‘Driver mode’ proposed by NHTSA to lock certain cell phone features while driving

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Updated Dec 11, 2016
NHTSA has proposed a set of recommendations to cut down on distracted driving, including a cell phone mode that blocks certain functions.NHTSA has proposed a set of recommendations to cut down on distracted driving, including a cell phone mode that blocks certain functions.

The National Highway Traffic Safety Administration recently released a set of proposed guidelines to help cut down on distracted driving, including device pairing and asking cell phone manufacturers to develop a “driver mode” that blocks many of a phone’s functions. The new proposed guidelines, which are voluntary, are Phase 2 of NHTSA’s Driver Distraction Guidelines.

Pairing would link a phone to an in-vehicle system. NHTSA recommends that when a device is paired to a vehicle, the visual interface of the phone be inaccessible in order to prevent the driver from looking down at the phone. Only emergency services and emergency notifications would be available.

For phones that cannot be paired for any reason, NHTSA recommends a “driver mode” that locks out many functions of the phone. When in such a mode, NHTSA recommends drivers be locked out of the following functions:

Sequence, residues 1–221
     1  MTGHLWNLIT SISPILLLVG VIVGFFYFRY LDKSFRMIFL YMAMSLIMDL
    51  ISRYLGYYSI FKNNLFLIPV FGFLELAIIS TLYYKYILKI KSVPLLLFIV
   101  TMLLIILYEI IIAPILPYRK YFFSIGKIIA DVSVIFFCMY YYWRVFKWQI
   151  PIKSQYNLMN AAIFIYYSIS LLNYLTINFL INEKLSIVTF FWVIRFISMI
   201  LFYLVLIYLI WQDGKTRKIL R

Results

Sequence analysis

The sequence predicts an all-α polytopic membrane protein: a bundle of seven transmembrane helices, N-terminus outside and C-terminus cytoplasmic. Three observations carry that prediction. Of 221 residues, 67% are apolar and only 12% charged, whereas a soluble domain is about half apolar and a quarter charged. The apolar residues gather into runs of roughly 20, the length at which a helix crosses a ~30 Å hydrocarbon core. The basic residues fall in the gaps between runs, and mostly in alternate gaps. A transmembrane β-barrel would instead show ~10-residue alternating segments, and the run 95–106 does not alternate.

• Functions and tasks not intended to be used while driving
  • Manual text entry
  • Displaying video, except for maps
  • Displaying photos, except for maps
  • Automatic scrolling text
  • Displaying text to be read
  • Books, periodicals, web pages, social media and more

Until more technology is available to detect the difference between a driver and a passenger, NHTSA says manual activation is the best option for now, but adds that it “expects technologies that support automatic driver mode activation to be implemented as soon as practicable.”

“NHTSA has long encouraged drivers to put down their phones and other devices, and just drive,” says NHTSA Administrator Dr. Mark Rosekind. “With driver distraction one of the factors behind the rise of traffic fatalities, we are committed to working with the industry to ensure that mobile devices are designed to keep drivers’ eyes where they belong — on the road.”

NHTSA is seeking public comment on its proposed recommendations, which can be made here through Feb. 3, 2017. The full recommendations can be seen here.

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